They crop up every summer — a.k.a. stadium season — coupling one veteran act with another, some lineups making a hell of a lot more sense than others, ranging from desperate clunkers to the bands that are suddenly “cool” to like again.
Two seats to see Guns N’ Roses with Lenny Kravitz? Coveted. Tickets to see Poison and Def Leppard (with a little bit of Tesla sprinkled in)? Ker-plunk. Passes for Rod Stewart and Cyndi Lauper? Okay, but odd.
The two groups melded together perfectly, their slight set design distinctions completely indicative of their respective personalities: A futuristic, neon pink set of moving LED panels for Tears for Fears; a backdrop of twinkling, star-like bulbs for Hall and Oates, complete with an overhead lighting rig that was brought in specifically for them, no doubt.
Tears for Fears proved they were no opening act on this co-headlining tour, opening with their best and most popular song. How can the set get better from there? Where do you go after everyone has linked arms and staggered around to “Everybody Wants to Rule the World?” If you’re Roland Orzabal, you cover Radiohead’s “Creep,” which oddly almost garnered more love than their originals, though it pairs wonderfully with the ungodly dread of “Mad World.”
And while Tears for Fears are certainly no one-hit wonder (I don’t blaspheme), the amount of their tunes that the GP can recognize is minimal, so it was maybe an odd choice for an opener — as was having an encore, but it treated the good people at the Garden to “Shout,” so it was warranted.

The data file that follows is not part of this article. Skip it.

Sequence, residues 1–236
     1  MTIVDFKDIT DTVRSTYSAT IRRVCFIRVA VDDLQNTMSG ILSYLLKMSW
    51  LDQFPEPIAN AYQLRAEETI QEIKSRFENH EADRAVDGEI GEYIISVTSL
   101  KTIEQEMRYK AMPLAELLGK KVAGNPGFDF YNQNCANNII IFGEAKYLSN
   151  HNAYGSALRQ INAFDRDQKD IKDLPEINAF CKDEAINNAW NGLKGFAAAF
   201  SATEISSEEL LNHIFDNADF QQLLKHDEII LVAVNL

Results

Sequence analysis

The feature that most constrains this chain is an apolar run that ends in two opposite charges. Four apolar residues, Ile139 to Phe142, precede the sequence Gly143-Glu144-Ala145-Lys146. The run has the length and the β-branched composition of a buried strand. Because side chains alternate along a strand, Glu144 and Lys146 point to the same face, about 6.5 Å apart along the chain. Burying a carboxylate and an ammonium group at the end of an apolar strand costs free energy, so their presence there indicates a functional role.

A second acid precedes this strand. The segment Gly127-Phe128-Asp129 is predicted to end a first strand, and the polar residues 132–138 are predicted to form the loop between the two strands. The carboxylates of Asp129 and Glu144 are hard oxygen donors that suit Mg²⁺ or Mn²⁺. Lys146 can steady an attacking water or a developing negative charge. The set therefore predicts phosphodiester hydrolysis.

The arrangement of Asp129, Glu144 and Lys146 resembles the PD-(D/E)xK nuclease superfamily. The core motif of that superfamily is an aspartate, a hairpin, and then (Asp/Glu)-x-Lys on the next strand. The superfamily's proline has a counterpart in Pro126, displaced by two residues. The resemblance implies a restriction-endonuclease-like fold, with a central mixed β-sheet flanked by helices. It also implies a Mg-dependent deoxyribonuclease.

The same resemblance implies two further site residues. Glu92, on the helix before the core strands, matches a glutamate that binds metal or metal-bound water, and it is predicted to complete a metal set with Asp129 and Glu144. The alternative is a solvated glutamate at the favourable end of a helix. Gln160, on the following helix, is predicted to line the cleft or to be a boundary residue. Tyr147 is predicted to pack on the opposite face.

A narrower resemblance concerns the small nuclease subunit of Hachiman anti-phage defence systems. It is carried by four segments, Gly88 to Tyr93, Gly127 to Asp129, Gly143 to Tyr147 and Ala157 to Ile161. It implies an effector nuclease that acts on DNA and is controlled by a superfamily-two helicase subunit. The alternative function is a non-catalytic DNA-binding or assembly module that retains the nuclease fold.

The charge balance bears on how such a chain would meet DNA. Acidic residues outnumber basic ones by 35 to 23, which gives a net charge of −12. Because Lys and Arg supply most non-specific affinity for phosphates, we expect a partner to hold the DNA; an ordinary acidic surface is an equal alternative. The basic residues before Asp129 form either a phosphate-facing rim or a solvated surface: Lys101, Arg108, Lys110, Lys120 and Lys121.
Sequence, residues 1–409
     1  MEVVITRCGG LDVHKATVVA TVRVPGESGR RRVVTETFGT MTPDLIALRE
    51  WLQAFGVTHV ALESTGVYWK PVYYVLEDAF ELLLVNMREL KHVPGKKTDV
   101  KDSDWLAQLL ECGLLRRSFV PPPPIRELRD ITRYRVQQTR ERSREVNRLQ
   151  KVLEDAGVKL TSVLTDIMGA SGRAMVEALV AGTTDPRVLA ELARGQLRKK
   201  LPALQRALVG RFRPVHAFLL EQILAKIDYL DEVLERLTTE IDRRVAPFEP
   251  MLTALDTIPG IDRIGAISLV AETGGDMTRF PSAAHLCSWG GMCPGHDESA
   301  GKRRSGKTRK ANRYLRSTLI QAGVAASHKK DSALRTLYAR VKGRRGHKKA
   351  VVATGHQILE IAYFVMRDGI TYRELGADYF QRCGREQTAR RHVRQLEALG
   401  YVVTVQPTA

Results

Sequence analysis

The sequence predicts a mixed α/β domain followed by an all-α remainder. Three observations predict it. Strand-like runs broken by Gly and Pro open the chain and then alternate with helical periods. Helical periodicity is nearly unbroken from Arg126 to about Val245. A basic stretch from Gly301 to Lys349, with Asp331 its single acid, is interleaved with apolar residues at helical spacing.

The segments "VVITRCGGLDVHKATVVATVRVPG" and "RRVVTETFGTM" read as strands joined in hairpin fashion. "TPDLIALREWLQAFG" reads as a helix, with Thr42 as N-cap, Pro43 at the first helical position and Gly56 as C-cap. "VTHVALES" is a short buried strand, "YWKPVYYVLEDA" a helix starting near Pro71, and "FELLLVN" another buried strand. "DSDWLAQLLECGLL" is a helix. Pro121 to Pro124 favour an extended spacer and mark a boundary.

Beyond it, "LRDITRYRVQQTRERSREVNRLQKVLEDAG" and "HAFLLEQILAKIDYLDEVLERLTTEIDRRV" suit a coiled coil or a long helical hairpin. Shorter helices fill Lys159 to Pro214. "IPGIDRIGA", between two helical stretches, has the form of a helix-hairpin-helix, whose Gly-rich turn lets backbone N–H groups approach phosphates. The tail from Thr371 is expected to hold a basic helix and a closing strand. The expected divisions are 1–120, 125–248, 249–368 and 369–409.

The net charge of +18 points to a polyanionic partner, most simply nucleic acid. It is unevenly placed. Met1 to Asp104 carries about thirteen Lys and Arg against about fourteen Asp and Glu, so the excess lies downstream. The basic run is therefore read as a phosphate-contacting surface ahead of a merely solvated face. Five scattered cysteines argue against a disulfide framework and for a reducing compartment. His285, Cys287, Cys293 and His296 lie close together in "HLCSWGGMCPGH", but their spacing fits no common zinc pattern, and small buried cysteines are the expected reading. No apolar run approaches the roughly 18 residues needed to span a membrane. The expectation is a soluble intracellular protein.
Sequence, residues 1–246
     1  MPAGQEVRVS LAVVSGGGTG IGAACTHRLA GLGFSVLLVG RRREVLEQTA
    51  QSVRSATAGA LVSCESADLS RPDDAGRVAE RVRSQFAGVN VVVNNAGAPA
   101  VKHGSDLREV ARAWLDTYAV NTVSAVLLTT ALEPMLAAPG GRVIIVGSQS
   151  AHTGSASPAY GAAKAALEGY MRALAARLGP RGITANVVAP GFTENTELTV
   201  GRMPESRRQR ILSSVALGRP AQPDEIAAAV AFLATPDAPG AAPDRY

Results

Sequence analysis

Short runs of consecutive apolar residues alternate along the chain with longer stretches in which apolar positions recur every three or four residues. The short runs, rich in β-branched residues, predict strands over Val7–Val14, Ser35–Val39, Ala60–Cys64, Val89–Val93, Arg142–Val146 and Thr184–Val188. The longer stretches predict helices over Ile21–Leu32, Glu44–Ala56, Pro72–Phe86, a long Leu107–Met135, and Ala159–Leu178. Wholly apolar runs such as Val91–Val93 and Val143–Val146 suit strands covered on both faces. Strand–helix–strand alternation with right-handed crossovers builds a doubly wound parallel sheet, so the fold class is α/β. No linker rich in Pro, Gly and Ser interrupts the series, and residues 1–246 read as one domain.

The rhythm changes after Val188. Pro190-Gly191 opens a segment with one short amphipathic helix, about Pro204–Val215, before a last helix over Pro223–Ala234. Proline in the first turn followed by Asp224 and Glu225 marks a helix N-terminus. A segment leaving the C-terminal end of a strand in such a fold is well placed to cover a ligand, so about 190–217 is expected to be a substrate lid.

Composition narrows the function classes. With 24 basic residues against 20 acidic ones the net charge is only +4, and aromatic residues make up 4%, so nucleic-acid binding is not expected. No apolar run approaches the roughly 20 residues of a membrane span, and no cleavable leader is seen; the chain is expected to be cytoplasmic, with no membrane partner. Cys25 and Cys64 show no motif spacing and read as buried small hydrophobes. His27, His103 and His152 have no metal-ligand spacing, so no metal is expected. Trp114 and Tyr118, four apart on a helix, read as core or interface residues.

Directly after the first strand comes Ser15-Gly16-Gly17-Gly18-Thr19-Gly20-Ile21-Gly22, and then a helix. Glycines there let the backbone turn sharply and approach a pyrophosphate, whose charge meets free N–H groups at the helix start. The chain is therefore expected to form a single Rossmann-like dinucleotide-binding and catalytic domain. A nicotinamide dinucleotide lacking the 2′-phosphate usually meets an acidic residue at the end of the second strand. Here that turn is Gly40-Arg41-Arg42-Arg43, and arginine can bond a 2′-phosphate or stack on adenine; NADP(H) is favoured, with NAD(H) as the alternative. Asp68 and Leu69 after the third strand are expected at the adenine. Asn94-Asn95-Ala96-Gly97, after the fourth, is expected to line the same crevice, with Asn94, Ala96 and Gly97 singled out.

Hall & Oates, on the other hand, saved the majority of their home-run-hits for last in a seamless encore that strewed together “Rich Girl,” “Kiss on My List,” “Private Eyes,” and “You Make My Dreams.” They kick-started their performance with a crowd-pleaser, too — their familiar version of Mike Oldfield’s “Family Man.” It was a move that the (very varied) crowd of superfans swallowed whole ravenously. When it comes to spending a certain dollar amount to see your favorite band, the “they can do no wrong” mentality flicks on, and suddenly even tuning a guitar onstage becomes iconic.
The top-selling duo’s draw ranged from women who still want to wed Hall and his blonde locks to 20-something couples unironically dressed as the musical duo, complete with coiffed hair and porn ‘staches. Two separate couples did this. TWO. Maybe it’s because the duo’s svelte soft rock (raise a glass to “Sara Smile”) would still be en vogue if it came out today, whereas the hard rock of yesteryear would not. “Maneater,” for instance, is a few tweaks away from becoming a self-pitying Drake song, although we have far more misogynistic terms like “thot” for forward women now.
While Hall & Oates’ encore was truly their pulling-out-all-the-stops finale, the meat of their set dished out some material from the vaults, namely “Is It A Star” from their more experimental opus War Babies.
Hall & Oates can still shred and hammer on a piano — as they should, for what they’re charging — but the intricacies they decided to keep for the live performance is what sold the whole experience. Hearing the way the saxophone notes sashay into “Maneater” and how the flute completes “I Can’t Go For That (No Can Do)” makes for that ecstatic “yessss” moment for fans as they hear their favorite song precisely the way they fell in love with it, except much louder and in vivid technicolor right in front of them. The signature ending quip “you’re a rich bitch, girl” in “Rich Girl” somehow didn’t make the cut, but we’ll look the other way on that one.
Taking everything into consideration, the phrase “doing well for their age” comes to mind, albeit being a way you usually describe your grandpa. In this case, it might actually be warranted.
“Wow, I can’t believe you all came out to see us on a Wednesday night!” Oates told the packed TD Garden Saturday evening. We’re still not sure if he was joking or not.